For investors in GCC Reits, this means they can take considerable comfort from the Reit brand, which (all things being equal) will over time have the effect of driving up demand and price for Reit units as Reit markets mature in the GCC. For the Reits themselves, there is obviously a “cost” of compliance with the Reit regime, but the upside of this is the improved access to capital and liquidity that this entails.

So, what’s next for Reits in the GCC? As mentioned above, there is a feeling among industry experts that there is still plenty of spare capacity in GCC Reit markets, and we are currently hearing speculation about new Reits on an almost daily basis.

One trend we expect to see as competition mounts is increased specialisation of Reits. In mature Reit markets, it is common to see Reits focused on specific asset classes. We have already seen a residential Reit and a logistics Reit form in Abu Dhabi, and we would expect this pattern to continue. In the GCC context, you would expect to see, before too long, Reits focused on the asset classes that are most prevalent here, such as malls, hotels, hospitals, warehousing and logistics.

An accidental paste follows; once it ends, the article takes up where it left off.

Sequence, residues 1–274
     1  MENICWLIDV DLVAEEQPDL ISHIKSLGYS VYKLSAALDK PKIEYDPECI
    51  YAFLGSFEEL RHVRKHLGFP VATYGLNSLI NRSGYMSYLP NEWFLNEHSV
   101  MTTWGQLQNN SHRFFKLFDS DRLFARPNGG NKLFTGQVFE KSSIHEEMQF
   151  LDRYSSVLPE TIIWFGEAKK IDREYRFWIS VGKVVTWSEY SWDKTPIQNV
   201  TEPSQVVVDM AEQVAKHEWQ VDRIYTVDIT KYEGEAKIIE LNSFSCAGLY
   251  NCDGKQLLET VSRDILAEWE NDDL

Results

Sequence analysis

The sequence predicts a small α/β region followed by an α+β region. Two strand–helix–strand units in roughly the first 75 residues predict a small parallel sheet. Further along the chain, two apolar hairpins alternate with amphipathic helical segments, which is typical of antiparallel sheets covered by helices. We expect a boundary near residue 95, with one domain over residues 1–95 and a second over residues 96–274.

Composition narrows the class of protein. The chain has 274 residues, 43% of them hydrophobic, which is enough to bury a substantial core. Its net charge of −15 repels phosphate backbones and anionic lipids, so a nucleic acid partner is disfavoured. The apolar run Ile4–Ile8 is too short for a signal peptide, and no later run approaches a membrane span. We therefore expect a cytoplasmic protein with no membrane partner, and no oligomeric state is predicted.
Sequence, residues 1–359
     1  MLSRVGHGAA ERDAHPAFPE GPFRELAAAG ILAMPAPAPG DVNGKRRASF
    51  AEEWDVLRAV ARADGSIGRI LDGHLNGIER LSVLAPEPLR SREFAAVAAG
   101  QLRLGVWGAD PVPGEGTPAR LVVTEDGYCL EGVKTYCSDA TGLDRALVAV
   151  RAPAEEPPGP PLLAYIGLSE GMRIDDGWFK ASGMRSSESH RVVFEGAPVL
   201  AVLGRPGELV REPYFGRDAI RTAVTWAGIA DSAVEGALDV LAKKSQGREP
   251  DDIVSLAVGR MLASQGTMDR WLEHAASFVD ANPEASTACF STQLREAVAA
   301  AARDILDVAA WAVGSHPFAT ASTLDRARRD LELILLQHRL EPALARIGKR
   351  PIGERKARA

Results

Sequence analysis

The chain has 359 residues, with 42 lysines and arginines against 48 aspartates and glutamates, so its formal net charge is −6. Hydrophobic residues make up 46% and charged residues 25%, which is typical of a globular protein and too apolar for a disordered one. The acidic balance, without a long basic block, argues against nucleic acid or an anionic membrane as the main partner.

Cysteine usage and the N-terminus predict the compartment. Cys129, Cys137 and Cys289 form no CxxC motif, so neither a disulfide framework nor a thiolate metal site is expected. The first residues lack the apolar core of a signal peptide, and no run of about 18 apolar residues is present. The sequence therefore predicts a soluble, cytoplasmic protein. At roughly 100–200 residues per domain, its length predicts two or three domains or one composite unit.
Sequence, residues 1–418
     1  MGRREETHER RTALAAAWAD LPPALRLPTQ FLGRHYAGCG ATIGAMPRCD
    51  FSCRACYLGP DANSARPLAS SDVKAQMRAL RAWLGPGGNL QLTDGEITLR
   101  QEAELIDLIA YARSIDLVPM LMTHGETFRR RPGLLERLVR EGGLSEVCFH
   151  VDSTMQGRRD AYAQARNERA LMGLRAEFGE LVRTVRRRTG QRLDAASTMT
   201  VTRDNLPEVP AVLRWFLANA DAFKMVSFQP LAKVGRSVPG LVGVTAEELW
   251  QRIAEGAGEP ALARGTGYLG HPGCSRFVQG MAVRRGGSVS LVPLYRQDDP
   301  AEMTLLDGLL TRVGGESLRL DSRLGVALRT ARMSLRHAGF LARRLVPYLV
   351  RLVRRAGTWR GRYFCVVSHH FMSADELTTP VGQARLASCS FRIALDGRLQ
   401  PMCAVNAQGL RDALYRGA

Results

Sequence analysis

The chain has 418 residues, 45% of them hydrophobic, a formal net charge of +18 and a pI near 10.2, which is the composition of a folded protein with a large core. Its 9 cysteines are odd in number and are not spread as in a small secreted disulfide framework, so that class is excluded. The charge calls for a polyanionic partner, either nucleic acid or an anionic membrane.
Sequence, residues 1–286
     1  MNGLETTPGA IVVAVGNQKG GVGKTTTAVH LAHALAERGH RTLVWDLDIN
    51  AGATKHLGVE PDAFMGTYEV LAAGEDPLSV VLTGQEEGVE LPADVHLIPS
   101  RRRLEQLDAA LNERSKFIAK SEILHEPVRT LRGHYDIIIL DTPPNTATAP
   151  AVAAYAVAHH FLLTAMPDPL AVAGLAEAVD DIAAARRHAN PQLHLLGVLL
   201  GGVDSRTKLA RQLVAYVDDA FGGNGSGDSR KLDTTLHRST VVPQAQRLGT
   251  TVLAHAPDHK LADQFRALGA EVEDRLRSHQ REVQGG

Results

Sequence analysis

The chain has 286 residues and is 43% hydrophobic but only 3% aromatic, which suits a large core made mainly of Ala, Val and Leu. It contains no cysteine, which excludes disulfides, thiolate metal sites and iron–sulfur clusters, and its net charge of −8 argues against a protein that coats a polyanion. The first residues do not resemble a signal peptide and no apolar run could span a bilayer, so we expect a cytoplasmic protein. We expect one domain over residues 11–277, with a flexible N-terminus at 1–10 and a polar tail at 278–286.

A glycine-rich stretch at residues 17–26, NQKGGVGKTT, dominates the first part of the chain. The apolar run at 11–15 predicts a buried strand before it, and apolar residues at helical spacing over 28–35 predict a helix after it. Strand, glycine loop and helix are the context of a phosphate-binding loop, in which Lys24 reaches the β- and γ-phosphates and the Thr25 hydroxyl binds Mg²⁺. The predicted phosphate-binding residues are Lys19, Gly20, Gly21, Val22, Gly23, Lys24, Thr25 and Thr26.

It will be fascinating over the next few years to see how Reits contribute to the general investment mix in the GCC and how they stimulate the real estate sector in the jurisdictions where they take root. For example, there is a feeling that Reits can help to deliver more affordable housing in Saudi Arabia, by providing a new category of institutional purchaser for such assets and thus generating greater demand and stimulating increased supply.

This remains to be seen, but what we can be sure about is that Reits have now firmly arrived in the GCC. In a short space of time, they have gone from being an emerging to an established asset class, and the feeling is that there is plenty more to come from the sector.